Much like any social interaction, you will come across people who are rude and inappropriate. Resist the urge to respond, either from the official account, or your own personal one. You cannot win the argument and engaging in the exchange will only fuel the flames. Instead, trust that your community will self-police. Other users will call out the bad behavior and, eventually, it will self-resolve.
Rely on institutional news to be your sole source of content.
It is certainly valid to post links to Chronicle articles and other official sources, but it's worth noting that things we find important here on the Hill (e.g. Presidential speeches, Dean's announcements, etc) are not always seen to be so by our audiences. For example, a Facebook Post on the Cornell page about the Vet College's oldest alum received over 40 interactions and another pointing people to the State of the University Address received zero.
Put all of your eggs in one basket.
Social media can be an excellent complement to existing webpages, but never forget that you are a user of any given platform, not a client. Functionality can and will change without any advance notice or consultation, and user support often consists of FAQ pages and user forums. Don’t depend exclusively on social media for anything that’s critical to your mission.
Ban a user without thinking twice.
It may be difficult to rescind a ban. Just be sure that you really want to do it before you click the button.
Over-saturate the Market
Try not to send more than five or six tweets a day unless you are tweeting live from an event. Similarly, limit your Facebook posts to two or three per day. Flooding your readers with content may seem like a great way to get the word out, but they will unfollow you the moment they decide that you have tipped the scale from interesting to spam.

How to Handle Breaking News and Incident-related Events

Question: Do we want to set a policy for handling GOOD news? Is there a need for units to wait until UC gives a go-ahead?

In today's world, news spreads as quickly as someone can push the send button on their cell phone. Before you know it, the whole world is talking about something that we, as an institution, might rather they not even know. We used to have the luxury of time to craft messages in response to a tragic event such as a gorge death or an accident on campus; this is no longer the case.

It is important to discuss the incident response with higher-ups (Deans, VPs, etc) as well as with University Communications to determine the best course of action. Each event should be handled on an individual basis and there are many factors to consider when determining a course of action.

When bad news happens, there are three choices in Social Media:

Attempt to ignore it
This strategy, while seemingly the easiest, can actually fuel flames--especially if users are specifically calling for institutional input on a topic.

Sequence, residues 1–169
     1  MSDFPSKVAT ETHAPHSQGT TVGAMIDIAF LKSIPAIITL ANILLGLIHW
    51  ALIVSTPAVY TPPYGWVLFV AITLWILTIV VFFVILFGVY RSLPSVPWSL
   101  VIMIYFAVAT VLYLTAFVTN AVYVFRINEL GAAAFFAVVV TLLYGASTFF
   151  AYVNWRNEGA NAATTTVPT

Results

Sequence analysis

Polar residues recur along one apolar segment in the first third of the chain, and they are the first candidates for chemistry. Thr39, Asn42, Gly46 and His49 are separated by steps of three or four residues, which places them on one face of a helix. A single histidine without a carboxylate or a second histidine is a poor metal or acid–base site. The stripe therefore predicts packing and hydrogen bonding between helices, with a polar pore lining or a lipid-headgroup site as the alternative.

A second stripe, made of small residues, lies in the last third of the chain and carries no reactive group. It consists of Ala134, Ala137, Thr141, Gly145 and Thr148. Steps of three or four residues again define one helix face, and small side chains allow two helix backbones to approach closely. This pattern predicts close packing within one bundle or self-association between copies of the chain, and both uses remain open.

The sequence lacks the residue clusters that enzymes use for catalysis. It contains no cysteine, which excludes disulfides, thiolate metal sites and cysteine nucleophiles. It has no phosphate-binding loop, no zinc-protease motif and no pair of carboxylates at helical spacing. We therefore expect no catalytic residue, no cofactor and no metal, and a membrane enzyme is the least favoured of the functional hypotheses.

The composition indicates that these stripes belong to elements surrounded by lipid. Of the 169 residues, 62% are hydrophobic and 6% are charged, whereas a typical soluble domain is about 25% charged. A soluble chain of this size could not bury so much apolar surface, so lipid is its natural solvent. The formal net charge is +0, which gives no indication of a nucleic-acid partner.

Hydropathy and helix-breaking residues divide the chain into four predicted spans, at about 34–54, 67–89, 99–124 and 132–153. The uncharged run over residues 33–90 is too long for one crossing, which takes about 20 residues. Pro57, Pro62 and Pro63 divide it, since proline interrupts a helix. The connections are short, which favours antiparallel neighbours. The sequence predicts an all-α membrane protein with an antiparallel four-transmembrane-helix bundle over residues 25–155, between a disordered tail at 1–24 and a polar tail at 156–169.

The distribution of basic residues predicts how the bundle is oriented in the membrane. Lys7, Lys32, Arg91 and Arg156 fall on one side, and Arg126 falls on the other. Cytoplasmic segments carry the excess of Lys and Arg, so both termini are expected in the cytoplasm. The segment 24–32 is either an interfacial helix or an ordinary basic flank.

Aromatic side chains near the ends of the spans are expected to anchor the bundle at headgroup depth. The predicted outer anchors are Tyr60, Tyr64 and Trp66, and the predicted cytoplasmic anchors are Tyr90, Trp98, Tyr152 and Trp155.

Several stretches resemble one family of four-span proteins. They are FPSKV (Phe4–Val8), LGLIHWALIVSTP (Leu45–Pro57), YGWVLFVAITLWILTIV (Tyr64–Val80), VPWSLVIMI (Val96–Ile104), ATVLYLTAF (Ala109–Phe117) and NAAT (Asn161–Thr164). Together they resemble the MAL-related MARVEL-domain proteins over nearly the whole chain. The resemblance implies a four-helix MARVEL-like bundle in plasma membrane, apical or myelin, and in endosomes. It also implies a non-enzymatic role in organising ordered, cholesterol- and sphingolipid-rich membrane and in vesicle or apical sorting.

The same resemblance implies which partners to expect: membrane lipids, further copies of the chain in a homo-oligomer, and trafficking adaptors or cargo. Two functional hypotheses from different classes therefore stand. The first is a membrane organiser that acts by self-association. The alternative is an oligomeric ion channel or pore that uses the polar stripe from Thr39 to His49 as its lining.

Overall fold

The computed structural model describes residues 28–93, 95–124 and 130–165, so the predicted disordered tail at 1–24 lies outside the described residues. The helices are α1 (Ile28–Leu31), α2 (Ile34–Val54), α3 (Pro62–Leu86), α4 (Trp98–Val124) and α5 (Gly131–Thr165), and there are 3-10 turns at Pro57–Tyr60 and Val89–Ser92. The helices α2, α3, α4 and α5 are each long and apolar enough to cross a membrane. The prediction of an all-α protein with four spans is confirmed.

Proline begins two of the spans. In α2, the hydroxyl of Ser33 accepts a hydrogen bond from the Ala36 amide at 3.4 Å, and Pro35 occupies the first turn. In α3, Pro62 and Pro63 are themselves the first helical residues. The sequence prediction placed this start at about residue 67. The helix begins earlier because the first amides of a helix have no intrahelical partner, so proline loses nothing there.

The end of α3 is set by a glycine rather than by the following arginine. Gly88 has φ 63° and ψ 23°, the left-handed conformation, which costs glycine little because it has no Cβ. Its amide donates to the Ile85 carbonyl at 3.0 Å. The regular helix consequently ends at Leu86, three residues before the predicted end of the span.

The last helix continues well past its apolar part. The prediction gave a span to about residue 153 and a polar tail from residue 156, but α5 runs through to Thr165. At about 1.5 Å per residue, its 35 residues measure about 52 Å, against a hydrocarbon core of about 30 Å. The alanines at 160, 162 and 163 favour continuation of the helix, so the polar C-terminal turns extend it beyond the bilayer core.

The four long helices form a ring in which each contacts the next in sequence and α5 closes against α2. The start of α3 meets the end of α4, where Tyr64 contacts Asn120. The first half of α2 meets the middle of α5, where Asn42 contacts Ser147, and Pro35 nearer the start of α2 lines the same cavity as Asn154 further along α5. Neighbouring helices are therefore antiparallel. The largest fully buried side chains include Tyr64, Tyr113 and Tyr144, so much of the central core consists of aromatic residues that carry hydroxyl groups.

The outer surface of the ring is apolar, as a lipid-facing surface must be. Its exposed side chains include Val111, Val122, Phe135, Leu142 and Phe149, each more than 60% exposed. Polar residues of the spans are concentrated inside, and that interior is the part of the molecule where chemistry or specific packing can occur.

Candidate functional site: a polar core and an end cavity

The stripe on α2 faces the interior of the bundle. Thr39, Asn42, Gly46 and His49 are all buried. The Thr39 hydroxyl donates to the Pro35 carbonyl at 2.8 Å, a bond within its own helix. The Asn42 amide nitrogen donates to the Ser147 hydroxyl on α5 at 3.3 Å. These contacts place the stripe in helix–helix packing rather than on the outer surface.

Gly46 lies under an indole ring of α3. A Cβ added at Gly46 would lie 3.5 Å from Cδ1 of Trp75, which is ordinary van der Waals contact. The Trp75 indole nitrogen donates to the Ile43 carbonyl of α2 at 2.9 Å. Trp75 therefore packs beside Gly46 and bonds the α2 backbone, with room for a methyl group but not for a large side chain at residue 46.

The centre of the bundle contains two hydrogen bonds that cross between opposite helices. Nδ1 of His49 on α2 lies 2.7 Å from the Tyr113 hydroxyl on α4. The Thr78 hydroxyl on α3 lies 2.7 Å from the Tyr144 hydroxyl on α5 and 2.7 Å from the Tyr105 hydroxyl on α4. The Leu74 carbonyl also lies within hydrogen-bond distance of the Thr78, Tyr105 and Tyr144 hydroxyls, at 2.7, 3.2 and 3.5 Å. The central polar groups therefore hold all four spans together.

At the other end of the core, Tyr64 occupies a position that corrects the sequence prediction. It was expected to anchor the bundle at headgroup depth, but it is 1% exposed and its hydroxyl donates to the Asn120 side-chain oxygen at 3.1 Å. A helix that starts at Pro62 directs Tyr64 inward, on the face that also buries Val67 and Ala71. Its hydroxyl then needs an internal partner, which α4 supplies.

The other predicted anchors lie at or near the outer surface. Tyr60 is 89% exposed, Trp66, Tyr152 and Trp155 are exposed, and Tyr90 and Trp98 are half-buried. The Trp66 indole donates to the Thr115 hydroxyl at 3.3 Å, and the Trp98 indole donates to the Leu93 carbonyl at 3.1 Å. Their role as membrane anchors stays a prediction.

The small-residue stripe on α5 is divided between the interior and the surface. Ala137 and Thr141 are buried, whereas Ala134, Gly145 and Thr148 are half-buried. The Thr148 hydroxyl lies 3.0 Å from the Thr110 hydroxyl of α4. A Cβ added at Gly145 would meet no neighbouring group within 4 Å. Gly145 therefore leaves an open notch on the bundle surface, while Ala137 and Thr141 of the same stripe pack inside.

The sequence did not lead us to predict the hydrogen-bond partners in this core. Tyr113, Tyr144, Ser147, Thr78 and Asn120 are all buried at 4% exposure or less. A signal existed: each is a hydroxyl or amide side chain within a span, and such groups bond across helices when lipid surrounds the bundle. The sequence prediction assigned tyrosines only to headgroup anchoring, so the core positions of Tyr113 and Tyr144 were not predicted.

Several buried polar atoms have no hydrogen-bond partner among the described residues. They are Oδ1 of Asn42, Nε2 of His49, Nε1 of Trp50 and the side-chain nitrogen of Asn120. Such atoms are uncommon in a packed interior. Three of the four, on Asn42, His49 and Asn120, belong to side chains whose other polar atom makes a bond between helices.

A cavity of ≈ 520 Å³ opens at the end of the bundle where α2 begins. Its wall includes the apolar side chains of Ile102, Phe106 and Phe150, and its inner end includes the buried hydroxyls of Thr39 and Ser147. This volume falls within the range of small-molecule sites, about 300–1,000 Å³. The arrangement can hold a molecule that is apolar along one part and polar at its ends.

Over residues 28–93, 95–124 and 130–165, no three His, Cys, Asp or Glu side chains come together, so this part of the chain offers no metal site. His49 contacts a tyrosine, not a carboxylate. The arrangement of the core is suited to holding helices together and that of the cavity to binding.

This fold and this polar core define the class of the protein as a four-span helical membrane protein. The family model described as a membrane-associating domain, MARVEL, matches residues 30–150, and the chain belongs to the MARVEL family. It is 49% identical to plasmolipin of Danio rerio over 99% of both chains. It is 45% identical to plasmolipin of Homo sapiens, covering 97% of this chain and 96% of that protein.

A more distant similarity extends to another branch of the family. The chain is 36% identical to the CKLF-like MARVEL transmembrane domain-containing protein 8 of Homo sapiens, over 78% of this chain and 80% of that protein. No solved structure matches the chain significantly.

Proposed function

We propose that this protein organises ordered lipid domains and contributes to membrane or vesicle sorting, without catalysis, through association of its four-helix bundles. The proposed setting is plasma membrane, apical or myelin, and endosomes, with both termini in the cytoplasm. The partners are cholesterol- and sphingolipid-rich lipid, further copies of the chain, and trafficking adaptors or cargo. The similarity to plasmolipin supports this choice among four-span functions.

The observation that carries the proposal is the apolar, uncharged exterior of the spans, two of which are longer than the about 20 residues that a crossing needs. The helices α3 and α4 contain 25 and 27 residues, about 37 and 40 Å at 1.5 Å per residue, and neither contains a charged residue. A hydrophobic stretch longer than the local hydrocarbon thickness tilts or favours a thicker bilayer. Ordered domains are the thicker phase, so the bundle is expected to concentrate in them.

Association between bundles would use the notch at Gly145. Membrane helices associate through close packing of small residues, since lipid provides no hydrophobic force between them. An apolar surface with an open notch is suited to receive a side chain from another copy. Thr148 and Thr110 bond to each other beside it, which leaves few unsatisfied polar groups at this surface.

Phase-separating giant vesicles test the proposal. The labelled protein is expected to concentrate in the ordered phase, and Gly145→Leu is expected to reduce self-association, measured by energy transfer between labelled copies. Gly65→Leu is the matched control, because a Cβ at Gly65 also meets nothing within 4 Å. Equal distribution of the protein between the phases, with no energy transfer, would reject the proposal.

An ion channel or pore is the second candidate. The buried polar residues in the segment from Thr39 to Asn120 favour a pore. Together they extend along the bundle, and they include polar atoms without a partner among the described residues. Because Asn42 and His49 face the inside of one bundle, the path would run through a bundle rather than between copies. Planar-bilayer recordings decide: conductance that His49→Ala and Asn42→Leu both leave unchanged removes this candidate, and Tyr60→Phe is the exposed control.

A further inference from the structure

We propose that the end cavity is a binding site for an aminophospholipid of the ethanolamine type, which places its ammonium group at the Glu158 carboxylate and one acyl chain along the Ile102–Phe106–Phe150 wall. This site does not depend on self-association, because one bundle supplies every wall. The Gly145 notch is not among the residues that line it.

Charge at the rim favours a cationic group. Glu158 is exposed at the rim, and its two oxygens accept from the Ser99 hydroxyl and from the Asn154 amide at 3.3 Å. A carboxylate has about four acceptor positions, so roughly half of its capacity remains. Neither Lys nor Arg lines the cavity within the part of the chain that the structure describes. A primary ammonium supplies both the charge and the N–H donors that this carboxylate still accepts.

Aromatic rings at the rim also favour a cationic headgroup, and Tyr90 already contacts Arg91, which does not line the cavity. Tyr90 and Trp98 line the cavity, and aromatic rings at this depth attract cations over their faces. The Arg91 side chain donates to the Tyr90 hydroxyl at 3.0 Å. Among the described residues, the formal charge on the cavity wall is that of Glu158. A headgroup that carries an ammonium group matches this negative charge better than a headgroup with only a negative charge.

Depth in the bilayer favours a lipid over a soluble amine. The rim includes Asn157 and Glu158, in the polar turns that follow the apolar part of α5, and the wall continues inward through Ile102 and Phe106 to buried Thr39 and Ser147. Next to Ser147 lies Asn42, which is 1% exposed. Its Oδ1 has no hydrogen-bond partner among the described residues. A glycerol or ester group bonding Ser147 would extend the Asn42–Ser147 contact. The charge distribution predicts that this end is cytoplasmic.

Use the medium to link users to an official response such as a press release, university statement, or Chronicle article
This is a safe way to respond to calls for input, but be aware; some users will likely be frustrated by the spin factor they presume to be present in official statements. They may choose to speak out about this, which can feel like you've made things worse by sharing anything at all.
Engage at a deep level
It is possible to use social media to our advantage in times of trouble at the university. People will look to official accounts for news and updates and there is an opportunity to use these outlets in a meaningful way. Care must be taken, though, to assure that the holders of these accounts have direct lines to those making communications decisions in times of crisis. The benefit to something like Twitter is the speed at which information can be shared--it does no good to sit on a blinking cursor waiting for the official word to make it down the line. Ideally, the account holder should be empowered to distill messages and push them out as they see fit, escalating things as the situation warrants. Be aware, though, that communication and response at this level of engagement could easily be a full-time job in an emergency situation; any decisions to engage in this manner should be carefully considered.

Please note that we do not recommend using social media as a primary means of communication during times of crisis or emergency situations. University emergency communications protocols are in place and should be adhered to.

Balancing Work and Life Online

As Cornell employees, you are subject to the Campus Code of Conduct [pdf] and the Abuse of Computers and Network Systems policy. Additionally, as users on social networks, you are subject to their respective Terms of Service. It is important to be mindful of all these things as you move forward into the realm of social media; you are not merely there in your own capacity, but will also be tying your personal profile to the university at large.

Also, whether you're using social media for work or play, it's good practice to be aware of the privacy settings for all of your social media accounts and to check them regularly to make sure that the platform you're using hasn't altered default settings.